Simple Photography Tips To Get More Powerful Images


If you're still new to photography, you might be frustrated with your images quite often and need a few photography tips to get better results. The biggest issue is that sometimes it's very hard to tell what's wrong with an image. Even if everything seems right from both technical and compositional point of view, your image can still be rather unimpressive.

There is no universal recipe for fixing mediocre photos, but we're going to cover a couple of powerful fixes that can help you improve your photographs no matter their genre and style.

Read on to learn a couple of tips!

photo by ian stauffer
Photo by Ian Stauffer

Be Picky About Lighting

Everyone knows that photography is all about light, but many of us forget this simple yet important rule when we grab our cameras. Even experienced photographers tend to ignore this rule from time to time and regret it once they start editing images and realize that an entire shoot lacks that ”special something”.

No matter what you’re shooting, any subject (person, product, landscape, etc.) will look better in great light. When we think of good lighting in photography, we often think of the golden hour (period of daytime shortly after sunrise or before sunset) or the blue hour (period of twilight when the Sun is below the horizon), since we know that shooting during these times will give excellent results.

However, you should be open to shooting at other times of the day or experiment with other light sources, such as flashes or continuous lights. If you notice that a scene you're about to shoot doesn't look interesting enough under certain lighting, you can try to reshoot it at different time of the day or bring some light sources with you.

photo by sergey pesterev
Photo by Sergey Pesterev

Have A Bold Main Subject

While it's true that any subject can be made more interesting by a proper choice of composition and lighting, you should still try to find compelling subjects for your portraits, landscapes and other genres of photography.

Don't settle for mediocrity – photograph people that you find most puzzling, explore the weirdest streets in your city, find the most beautiful flowers or insects if you're into macro photography. You'll notice that really interesting subjects will make you more engaged – it's hard to put efforts into shooting something that doesn't make you tick.

In fact, in Adam Williams course on how to win photo competitions, he specifically singles out having a single main point of interest as one of the keys to doing well.

photo by rayson tan
Photo by Rayson Tan

Engage In Storytelling

Have you ever tried to tell a story with a series of photographs? Storytelling might sound like an annoying task you don't want to think about, but in fact it can make your photo shoots much more powerful both aesthetically and intellectually.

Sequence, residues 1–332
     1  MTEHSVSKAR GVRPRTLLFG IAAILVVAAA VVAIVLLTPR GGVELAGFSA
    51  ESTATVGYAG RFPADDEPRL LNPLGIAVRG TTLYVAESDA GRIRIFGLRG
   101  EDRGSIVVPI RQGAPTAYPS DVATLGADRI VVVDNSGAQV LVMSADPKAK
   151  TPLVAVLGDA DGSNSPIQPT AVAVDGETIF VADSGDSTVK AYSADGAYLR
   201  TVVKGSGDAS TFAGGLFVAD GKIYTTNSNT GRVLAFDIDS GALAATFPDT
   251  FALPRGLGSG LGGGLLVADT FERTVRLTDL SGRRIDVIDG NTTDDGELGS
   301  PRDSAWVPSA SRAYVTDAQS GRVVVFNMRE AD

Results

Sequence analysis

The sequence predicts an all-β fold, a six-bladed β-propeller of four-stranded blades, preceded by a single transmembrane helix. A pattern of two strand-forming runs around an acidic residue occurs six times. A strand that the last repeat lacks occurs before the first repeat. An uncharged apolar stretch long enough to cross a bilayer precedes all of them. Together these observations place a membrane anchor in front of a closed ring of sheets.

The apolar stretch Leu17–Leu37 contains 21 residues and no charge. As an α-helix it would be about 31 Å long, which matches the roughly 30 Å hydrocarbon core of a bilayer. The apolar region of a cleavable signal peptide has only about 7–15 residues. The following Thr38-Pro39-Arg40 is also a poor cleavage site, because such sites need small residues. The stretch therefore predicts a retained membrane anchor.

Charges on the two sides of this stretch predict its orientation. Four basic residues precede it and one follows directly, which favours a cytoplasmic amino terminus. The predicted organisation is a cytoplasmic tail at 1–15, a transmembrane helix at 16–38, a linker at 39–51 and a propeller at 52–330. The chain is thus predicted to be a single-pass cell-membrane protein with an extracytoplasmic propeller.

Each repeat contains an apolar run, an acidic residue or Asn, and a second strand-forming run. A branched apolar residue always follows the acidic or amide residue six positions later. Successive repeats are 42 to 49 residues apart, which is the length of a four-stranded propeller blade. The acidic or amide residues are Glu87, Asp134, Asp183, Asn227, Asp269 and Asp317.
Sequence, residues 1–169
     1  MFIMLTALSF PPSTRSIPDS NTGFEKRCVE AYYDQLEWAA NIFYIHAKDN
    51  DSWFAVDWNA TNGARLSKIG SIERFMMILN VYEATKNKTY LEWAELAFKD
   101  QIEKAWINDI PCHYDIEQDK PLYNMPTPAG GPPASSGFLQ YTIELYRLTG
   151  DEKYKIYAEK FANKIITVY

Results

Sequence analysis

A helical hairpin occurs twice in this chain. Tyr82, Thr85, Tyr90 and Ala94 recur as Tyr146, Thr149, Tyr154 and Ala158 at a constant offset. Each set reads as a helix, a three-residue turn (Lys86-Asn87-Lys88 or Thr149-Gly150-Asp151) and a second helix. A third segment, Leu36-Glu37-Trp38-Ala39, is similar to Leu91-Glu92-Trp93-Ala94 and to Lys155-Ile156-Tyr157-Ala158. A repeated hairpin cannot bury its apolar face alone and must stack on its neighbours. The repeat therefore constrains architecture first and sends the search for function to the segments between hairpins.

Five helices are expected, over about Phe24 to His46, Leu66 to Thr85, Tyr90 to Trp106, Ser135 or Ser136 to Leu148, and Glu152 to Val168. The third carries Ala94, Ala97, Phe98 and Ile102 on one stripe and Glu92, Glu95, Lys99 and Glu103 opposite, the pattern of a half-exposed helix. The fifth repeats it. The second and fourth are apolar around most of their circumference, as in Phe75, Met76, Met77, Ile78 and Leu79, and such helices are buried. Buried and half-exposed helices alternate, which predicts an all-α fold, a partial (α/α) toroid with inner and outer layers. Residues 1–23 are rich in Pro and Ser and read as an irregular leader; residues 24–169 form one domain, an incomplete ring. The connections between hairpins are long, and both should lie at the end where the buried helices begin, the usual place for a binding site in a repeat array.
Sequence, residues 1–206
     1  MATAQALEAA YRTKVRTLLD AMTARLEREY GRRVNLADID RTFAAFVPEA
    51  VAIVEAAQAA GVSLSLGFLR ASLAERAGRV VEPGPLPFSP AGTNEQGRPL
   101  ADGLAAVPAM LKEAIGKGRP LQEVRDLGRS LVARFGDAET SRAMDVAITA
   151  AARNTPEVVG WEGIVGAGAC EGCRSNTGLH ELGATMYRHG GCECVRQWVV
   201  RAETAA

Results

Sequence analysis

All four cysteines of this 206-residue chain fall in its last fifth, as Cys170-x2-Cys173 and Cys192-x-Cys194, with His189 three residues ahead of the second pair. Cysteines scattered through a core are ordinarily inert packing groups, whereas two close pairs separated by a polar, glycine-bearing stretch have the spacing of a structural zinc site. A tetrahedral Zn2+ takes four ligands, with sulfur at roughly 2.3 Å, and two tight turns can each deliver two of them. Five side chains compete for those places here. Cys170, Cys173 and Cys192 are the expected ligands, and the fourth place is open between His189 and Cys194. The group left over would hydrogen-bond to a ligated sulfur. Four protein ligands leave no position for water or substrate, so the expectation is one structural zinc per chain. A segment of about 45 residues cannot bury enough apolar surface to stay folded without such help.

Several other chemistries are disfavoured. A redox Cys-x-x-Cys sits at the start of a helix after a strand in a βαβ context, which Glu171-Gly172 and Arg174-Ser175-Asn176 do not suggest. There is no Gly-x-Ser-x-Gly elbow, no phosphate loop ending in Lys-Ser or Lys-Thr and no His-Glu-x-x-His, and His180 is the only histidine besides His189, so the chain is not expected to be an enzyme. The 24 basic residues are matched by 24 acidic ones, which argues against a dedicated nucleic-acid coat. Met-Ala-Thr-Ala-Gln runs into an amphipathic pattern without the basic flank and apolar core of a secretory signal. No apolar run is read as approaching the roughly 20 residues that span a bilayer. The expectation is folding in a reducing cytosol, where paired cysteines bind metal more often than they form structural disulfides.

No matter who or what is your subject, take some time to ponder over it. Ask your self the following questions:

  • What can I do to capture different facets of my subject?
  • Will changing a perspective or lighting reveal something new about my subject?
  • Should I introduce a couple of props that will help viewers understand better who my subject is?
  • What emotions do I want to convey?
  • Have I established a meaningful relationship between the main subject and the background?

Answering these questions will help you organize your shoot and avoid repetitiveness in your images.

photo by mike erskine
Photo by Mike Erskine

Introduce Some Mystery

If you stick to pedestrian way of thinking, your shots might get a little bit boring. You need to amuse the viewer (and yourself too!) by showing something unexpected.

For instance, you can show just a part of your subject and engage your viewer’s imagination. You can also go abstract, frame your scene in an unusual way (for example place the subject close to the edge of frame) or crop your photograph so that it shows only what's really interesting. Experimenting with low key and high key photography can also yield mysterious results.

You can introduce mystery in post-processing too, by playing with colors and white balance or converting your images to b&w.

phot by mario mesaglio
Photo by Mario Mesaglio

Change The Perspective

Nowadays, there are many ways to change the perspective in photography and create images that offer a different point of view. Thanks to GoPros, drones and flexible tripods, it's possible to create truly stunning images you wouldn't have been able to capture 10 or 20 years ago.

In this sense, it can be very refreshing to embrace technological advances and experiment with various gadgets – they can make your creativity flourish!

Even if don't own a drone, you can start by experimenting with your phone camera – it will also help you change the perspective and face different benefits and challenges.

photo f e d b
Photo by Andreas Gucklhorn

To learn more about capturing powerful images, check out the links below!

Further Reading:

  1. How To Combine Composition Rules In Photography For More Powerful Images
  2. How To Use Shutter Speed For More Powerful Images
  3. 5 Typical Composition Mistakes That Crush The Effectiveness of Your Images
  4. Communicating Through Images – Seeing Photography As A Language
  5. Three Ways To Use Negative Space To Make Captivating Images
  6. Better Black And White Images In 3 Easy Steps

About Author

Jasenka is a photographer with a background in web design. You can find out more about her on her website, see some of her newest images at 500px or get to know her better here.

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